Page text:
In that 51st game, Henry lets go of a wild throw that alters the course of the team and the lives of the characters: Henry’s; Mike’s; that of Henry’s roommate, Owen Dunne, a gay man (yes, it matters a lot in the novel) and lover of literature who reads in the dugout while awaiting his turn to bat; the school’s president, Guert Affenlight, lifelong playboy who suddenly, inexplicably finds that he has a crush on Owen; and Affenlight’s daughter, Pella, who ran away from her prestigious high school and married a much older man who had a speaking engagement there.

This novel works on so many levels. You can like it as a great baseball story. You can enjoy the considerable talent of the storyteller/author and the fact that this is just flat-out a good read. And if you love the classics, you get a super-bonus round: you’ll soon realize that the Harpooners are something like the crew of the Pequod, that Mike Schwartz is a more loveable Ahab, and that there are many connections to Moby-Dick. (There are lots of hints to lead you to this, not least of which is the college’s oft-mentioned statue of Melville and Affenlight’s publications on Melville.) Incidentally, if you really love reading, you’ll also see hints of John Irving’s A Prayer for Owen Meany in that wild throw of the baseball.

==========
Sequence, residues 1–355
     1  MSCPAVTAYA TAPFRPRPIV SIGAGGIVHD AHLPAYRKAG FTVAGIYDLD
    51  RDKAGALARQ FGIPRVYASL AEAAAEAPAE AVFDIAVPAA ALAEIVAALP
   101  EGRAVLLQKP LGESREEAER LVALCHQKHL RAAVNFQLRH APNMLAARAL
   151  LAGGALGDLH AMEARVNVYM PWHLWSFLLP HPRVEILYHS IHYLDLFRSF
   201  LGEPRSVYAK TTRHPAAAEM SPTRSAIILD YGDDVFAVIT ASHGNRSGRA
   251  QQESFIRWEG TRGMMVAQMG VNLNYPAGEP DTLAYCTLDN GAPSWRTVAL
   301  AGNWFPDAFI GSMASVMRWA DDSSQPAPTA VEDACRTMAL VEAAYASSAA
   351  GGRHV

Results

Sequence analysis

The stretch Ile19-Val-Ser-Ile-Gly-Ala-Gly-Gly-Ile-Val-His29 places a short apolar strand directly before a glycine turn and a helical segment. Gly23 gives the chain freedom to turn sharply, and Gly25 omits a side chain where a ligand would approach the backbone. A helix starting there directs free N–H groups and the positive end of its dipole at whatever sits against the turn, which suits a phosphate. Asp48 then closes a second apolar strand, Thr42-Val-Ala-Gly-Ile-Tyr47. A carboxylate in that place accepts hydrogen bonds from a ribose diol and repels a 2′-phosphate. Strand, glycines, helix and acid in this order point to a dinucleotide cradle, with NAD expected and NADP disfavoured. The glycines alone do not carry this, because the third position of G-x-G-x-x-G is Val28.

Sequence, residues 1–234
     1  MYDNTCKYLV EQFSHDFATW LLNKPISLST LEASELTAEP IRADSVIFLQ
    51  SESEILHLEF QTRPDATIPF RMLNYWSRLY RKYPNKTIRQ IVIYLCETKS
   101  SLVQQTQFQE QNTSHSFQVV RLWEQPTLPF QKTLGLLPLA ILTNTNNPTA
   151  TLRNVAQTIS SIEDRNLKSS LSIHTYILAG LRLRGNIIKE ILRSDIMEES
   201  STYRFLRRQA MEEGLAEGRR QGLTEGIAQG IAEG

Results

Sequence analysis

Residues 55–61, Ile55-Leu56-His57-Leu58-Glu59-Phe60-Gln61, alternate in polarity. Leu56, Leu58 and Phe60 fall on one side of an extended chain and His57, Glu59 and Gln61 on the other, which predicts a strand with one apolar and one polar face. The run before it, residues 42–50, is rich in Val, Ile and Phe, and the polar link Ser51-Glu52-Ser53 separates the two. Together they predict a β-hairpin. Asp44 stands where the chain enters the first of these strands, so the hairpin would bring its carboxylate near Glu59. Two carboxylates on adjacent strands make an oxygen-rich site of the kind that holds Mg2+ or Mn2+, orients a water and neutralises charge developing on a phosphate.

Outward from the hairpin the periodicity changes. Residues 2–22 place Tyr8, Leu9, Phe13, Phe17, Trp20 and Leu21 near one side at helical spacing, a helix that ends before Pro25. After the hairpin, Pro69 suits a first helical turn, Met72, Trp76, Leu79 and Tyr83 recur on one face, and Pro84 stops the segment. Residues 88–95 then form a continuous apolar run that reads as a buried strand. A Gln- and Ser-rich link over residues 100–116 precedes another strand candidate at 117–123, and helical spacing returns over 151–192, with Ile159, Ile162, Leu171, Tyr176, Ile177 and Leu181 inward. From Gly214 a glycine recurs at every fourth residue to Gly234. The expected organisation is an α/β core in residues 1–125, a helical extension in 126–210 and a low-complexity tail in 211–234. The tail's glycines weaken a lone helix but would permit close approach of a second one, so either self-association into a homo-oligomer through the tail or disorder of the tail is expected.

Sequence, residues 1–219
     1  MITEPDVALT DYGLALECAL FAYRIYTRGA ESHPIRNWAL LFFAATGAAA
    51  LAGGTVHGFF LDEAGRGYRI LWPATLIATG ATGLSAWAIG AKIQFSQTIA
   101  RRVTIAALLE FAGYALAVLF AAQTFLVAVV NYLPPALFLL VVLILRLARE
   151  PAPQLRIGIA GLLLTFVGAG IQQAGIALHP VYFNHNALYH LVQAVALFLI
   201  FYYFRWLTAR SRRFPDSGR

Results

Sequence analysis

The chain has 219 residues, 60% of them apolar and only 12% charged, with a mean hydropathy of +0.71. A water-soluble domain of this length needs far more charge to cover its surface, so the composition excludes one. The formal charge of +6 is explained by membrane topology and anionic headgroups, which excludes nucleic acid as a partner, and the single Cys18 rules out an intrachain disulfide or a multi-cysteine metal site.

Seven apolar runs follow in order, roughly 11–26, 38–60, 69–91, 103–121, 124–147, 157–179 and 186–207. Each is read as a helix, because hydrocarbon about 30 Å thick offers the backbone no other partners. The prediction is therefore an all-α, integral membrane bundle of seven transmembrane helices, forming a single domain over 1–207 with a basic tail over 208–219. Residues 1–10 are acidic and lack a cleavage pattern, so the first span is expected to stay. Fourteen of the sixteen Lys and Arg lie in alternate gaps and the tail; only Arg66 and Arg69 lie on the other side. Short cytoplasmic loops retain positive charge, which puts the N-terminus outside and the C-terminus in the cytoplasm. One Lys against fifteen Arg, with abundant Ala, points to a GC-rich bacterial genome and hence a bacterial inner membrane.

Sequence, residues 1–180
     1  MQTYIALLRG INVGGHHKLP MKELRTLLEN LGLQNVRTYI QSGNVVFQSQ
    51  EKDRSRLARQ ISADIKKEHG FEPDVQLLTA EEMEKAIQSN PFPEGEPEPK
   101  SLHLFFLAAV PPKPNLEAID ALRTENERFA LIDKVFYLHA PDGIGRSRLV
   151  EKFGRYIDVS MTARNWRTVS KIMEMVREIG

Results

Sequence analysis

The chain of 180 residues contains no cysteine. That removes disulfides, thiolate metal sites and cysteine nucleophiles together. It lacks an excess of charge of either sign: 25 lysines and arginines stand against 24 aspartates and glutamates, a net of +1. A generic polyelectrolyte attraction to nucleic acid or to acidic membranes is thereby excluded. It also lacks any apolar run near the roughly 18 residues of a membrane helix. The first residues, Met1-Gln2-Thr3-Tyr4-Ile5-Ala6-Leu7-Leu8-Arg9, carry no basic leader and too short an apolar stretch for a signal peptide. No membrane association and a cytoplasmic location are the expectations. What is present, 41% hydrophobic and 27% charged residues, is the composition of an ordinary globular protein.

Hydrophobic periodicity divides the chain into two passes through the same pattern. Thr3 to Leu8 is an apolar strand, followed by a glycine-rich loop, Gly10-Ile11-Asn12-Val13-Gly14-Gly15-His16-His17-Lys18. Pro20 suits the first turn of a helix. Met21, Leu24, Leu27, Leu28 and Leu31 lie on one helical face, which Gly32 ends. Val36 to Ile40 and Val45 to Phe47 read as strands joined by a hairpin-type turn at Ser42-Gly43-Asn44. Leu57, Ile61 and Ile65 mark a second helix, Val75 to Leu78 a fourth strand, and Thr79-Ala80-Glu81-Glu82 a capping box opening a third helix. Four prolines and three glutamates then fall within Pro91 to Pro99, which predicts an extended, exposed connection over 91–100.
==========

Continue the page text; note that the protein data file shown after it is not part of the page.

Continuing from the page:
I recommend this book to all adults. To students, some frank talk: the reason this book is for mature readers is that there is some sexual description as pairs and then love triangles form. (These do appear very realistic in the college scene.) Beyond that, there is the issue of a much older man falling for a college student. While the student is an adult, and a relationship between the two is not illegal, it’s still unethical on the part of the college president. I did find it odd that a 60ish-year-old man who’d led a straight life—quite the playboy, in fact—would fall for a young man. However, the relationship and its fallout work in the context of the novel. So—this isn’t a book that you’d ever read for a class, and it’s only for mature readers who understand that just because something is part of the story (and people who are usually pretty good are engaging in it) doesn’t mean that it is being presented as a model for you.

And if you like baseball—Wow.